It was the summer of 1943. The nation was preoccupied with a war that was not going well and an epidemic of poliomyelitis. I was one of the victims of the epidemic. After three weeks in the Cook County Contagious Disease Hospital in Chicago, the medical authorities allowed my family to take me home.
In my bedroom, on top of a chest of drawers, there had been placed a small plaster altar sent to me by one of my many aunts. It was white with a green and gold angel on each side and a relief of Da Vinci's "Last Supper" on the front. On the top there stood a crucifix with six glass candles that glowed when the altar was plugged in, thanks to a light-bulb hidden inside.
For the first six months of my convalescence, a doctor came to our house once a week, sent by the local health commission and, as we were told, the "March of Dimes." He was a tall, quiet man with a large moustache; and his visits followed a pattern. I would be taken out of the "Sister Kenny packs" of hot, wet wool in which I spent my days and carefully examined. Then, at the end of the session, the doctor would put one hand behind my neck and the other under my legs to see how high I could raise my head and shoulders.
Though ten years old, I must confess that I often cried, not because of the seeming hopelessness of it all. After three full months, I still could not be pulled into a sitting position.
One day the doctor gave me a kindly lecture, the theme of which was that only courageous people contract polio. His argument centered upon the president who was then in office, Franklin Roosevelt, and others whose names I no longer recall. It was clear that I was not much impressed. So he sat silent for awhile, then rose, went over to the chest of drawers, bent down, and plugged in the plaster altar.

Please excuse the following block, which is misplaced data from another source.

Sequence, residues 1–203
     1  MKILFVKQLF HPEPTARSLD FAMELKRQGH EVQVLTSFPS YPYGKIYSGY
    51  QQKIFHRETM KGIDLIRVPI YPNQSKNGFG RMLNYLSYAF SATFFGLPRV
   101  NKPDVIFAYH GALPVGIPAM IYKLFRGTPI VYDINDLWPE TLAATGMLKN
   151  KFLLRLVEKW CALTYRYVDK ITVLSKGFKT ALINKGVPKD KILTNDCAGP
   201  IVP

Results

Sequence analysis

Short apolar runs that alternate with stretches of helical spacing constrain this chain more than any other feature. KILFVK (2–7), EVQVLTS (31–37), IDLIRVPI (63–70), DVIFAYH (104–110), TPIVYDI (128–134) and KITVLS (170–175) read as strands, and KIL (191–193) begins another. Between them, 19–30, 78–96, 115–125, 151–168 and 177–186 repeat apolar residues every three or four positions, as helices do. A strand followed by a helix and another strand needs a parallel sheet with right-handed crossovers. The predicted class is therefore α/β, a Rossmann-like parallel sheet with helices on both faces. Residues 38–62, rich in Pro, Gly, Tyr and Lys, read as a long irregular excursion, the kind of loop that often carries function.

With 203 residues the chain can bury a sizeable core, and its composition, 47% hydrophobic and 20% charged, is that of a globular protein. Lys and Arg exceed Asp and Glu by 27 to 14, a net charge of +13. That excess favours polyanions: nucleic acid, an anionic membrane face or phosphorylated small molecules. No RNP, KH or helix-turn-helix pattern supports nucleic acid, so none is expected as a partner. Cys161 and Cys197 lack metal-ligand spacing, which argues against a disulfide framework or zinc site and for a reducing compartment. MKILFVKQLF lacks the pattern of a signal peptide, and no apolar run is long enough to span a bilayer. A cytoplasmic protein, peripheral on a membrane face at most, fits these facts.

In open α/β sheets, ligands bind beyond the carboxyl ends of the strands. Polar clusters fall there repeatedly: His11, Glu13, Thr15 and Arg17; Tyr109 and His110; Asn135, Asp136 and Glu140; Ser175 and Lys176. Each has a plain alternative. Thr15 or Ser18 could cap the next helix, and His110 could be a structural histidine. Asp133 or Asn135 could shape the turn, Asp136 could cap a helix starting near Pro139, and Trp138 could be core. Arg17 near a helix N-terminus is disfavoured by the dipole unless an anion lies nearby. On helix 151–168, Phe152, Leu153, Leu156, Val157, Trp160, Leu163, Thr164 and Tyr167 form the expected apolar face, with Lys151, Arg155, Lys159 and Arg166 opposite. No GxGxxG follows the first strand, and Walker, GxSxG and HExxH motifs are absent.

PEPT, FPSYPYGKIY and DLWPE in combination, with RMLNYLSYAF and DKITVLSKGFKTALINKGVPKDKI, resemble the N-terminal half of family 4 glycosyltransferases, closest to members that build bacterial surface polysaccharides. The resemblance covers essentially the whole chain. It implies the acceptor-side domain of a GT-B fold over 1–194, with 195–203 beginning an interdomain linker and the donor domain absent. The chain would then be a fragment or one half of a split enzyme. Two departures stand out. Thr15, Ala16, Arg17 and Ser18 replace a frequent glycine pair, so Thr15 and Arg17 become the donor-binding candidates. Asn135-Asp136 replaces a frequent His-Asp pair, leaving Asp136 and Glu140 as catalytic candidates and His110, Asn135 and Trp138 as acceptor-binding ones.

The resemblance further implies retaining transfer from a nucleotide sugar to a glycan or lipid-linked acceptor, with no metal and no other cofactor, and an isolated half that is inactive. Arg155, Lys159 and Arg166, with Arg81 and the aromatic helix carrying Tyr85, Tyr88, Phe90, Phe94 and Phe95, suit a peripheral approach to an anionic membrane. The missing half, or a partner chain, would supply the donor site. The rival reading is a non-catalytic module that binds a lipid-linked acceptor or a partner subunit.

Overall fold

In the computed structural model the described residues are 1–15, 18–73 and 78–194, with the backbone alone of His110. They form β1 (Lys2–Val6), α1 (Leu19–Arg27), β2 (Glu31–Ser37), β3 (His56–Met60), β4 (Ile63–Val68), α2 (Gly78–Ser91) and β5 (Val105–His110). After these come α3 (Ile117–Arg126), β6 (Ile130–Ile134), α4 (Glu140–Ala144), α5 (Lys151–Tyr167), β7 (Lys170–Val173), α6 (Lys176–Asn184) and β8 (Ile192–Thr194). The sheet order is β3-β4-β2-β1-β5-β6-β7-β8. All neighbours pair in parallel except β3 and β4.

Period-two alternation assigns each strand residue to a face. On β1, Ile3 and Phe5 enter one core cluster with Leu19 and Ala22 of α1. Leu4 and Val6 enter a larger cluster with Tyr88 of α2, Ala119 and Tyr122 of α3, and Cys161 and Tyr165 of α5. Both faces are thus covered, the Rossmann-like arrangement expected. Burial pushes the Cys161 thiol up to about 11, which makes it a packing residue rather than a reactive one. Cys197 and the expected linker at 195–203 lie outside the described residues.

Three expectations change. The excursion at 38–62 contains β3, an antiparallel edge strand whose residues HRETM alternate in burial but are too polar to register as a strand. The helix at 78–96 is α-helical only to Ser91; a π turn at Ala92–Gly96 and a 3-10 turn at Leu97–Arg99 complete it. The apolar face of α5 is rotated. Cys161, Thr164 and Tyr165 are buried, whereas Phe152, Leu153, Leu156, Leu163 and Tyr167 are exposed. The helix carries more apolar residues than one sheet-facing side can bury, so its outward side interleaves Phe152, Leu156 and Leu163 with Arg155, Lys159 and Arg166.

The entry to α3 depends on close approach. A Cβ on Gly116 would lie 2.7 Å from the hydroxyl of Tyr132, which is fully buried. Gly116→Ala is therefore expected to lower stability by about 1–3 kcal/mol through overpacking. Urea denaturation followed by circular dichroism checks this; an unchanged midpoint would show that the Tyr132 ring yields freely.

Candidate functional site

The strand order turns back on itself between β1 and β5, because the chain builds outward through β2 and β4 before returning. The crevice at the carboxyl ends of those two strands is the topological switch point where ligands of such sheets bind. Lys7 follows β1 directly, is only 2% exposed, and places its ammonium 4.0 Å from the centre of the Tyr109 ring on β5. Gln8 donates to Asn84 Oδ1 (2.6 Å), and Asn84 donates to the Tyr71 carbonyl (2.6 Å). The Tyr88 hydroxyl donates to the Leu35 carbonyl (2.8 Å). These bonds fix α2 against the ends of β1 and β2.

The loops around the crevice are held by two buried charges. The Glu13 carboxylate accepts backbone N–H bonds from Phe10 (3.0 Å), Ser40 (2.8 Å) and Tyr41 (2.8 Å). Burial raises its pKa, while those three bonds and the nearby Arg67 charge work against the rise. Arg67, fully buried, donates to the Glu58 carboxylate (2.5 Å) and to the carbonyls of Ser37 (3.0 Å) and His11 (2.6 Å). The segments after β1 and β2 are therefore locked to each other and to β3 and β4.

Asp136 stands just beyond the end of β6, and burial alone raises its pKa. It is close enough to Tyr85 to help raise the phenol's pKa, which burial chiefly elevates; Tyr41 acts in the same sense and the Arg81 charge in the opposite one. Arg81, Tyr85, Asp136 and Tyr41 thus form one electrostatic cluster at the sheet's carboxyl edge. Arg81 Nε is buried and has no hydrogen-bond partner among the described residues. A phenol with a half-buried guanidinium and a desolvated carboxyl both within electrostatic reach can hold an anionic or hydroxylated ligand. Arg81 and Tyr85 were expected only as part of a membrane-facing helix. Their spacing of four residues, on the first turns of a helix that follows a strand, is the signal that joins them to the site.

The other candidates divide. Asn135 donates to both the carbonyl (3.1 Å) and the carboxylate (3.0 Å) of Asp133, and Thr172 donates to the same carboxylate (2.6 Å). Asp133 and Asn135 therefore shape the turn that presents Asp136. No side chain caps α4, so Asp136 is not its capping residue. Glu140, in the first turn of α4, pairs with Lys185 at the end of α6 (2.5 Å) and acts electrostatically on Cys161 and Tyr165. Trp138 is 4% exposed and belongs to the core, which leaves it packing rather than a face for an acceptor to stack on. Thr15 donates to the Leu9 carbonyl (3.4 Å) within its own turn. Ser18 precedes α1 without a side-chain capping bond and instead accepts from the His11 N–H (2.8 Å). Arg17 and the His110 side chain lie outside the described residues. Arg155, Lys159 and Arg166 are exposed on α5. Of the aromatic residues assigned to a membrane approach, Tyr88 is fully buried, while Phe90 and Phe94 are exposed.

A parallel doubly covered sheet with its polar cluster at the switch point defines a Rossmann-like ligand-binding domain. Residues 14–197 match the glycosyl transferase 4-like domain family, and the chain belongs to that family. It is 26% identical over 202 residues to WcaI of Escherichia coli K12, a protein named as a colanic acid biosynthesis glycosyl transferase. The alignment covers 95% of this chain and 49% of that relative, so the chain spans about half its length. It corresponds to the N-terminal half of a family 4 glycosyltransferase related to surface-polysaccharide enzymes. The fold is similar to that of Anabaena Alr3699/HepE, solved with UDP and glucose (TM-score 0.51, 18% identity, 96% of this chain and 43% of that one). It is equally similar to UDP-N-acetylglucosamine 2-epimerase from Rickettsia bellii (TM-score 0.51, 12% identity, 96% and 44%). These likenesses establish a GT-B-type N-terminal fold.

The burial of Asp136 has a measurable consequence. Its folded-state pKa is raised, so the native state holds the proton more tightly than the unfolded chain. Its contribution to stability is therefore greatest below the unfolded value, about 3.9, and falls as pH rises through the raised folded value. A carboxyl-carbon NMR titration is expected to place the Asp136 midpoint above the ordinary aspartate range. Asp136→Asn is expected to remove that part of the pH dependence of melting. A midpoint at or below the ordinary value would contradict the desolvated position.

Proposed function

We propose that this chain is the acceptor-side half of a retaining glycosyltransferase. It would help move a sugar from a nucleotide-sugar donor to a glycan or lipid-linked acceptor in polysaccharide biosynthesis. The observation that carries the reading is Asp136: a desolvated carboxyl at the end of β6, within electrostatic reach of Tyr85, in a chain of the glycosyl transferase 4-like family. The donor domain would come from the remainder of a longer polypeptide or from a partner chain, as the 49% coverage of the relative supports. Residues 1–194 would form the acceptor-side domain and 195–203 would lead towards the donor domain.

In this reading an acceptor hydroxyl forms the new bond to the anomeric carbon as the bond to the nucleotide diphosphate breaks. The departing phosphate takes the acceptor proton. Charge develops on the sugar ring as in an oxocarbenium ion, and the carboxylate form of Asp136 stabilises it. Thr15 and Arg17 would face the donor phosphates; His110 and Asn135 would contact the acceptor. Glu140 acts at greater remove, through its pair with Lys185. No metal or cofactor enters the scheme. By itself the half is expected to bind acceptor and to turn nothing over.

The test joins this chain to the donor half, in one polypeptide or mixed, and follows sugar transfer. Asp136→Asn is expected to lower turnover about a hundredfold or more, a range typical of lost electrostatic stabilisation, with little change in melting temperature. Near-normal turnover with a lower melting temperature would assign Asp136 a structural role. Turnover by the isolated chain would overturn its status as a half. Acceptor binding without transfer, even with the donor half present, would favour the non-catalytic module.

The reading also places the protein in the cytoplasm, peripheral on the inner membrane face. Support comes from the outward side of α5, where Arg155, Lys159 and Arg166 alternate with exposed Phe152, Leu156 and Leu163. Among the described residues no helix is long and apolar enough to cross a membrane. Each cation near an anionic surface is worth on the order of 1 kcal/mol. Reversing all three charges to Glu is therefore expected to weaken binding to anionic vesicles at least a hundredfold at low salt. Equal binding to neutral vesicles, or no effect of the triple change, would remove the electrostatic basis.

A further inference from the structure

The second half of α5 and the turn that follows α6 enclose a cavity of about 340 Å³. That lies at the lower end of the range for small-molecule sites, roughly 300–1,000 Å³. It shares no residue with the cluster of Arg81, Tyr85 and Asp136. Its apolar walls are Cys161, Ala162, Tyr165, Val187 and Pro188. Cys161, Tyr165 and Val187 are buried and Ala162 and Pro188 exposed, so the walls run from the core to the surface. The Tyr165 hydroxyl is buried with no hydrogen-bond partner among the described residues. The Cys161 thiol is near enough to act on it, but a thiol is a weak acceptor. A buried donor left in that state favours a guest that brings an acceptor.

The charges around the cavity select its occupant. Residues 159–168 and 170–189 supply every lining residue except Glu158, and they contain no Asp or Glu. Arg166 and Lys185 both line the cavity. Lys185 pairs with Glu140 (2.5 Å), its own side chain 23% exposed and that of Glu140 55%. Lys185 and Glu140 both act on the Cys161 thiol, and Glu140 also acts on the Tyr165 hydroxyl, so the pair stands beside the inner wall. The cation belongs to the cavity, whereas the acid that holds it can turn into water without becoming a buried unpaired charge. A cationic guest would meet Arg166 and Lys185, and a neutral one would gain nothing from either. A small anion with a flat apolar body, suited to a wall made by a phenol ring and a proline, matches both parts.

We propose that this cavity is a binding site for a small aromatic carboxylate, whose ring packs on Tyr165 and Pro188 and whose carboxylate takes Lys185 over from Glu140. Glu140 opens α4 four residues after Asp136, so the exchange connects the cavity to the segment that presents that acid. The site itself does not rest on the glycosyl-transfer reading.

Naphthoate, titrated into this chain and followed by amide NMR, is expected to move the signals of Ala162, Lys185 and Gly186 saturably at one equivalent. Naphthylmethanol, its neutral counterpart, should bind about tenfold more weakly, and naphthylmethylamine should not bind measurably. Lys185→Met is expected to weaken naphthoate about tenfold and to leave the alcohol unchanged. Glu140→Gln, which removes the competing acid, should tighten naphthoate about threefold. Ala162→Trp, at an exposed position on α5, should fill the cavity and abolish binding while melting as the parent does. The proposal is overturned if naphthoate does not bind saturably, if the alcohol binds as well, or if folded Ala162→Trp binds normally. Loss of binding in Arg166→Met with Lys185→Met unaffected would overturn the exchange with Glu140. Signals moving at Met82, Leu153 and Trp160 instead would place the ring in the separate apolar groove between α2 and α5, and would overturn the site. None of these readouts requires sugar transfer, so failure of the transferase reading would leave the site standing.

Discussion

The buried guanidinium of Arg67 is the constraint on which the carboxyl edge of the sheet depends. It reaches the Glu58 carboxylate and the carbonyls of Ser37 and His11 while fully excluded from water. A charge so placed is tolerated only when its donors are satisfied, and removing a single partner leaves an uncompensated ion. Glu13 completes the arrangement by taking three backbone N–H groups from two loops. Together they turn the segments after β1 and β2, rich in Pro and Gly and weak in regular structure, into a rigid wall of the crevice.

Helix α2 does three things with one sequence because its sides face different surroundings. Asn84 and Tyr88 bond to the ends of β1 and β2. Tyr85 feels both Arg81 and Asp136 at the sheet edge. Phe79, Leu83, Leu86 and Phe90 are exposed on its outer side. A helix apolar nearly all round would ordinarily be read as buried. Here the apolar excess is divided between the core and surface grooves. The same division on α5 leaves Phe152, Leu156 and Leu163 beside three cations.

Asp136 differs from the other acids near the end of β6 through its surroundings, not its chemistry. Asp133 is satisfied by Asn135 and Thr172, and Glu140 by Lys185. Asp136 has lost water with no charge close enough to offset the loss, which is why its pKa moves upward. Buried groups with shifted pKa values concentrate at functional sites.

"Altars are to make us strong," he announced. And with that he launched into a rather involved theological disquisition. I remember only three points. First, Jesus Christ suffered and died on the altar of the cross in order to make us spiritually strong. Second, from the altars of our churches that same Jesus Christ feeds us with His body to keep us spiritually strong. Third, it was time for me to stop feeling sorry for myself and to start getting strong both spiritually and physically; and the way to do this was to focus my attention on the altar in my bedroom with its six glowing candles and the Lord on the cross in the center, the Lord who was waiting for me to join my sufferings to His.
The doctor continued to come for his weekly visits. There were, however, no more sermons, just as there was no more crying or whining. Still, on several occasions before leaving, he would give me a quick smile, go over to the plaster altar, bend down, and plug it in.
About a year later I was up and walking. Once a week I went to a physiotherapist in a neighboring town for exercises first in warm water and then on a gymnast's mat. One afternoon as I was getting back into my clothes, the tall, quiet doctor with the large moustache appeared. "How's our altar?" he inquired. I hated to report that my older brother had attempted to replace the light-bulb inside and shattered the altar in the process.
"Maybe that's just as well," the doctor observed. "It is probably time to graduate to real altars."
I said nothing, but he went on. "As I once told you," he noted, "altars are to make us strong. For the rest of your life, when things are going badly and you think you cannot handle it, look for an altar and put your sufferings on it next to those of Jesus Christ. Together, you and He will find the strength to do whatever needs to be done."
A few years ago I noticed an obituary in the Chicago Times. The doctor had passed away, honored by medical societies in the United States and Canada. I felt terrible. How I wished I had contacted him before he died to tell him of my gratitude for his medical care and especially for his having taken the time to speak to me about altars. How I wished I had been able to let him know that with each passing year I am coming better to understand what he evidently understood quite early in life, that altars are to make us strong.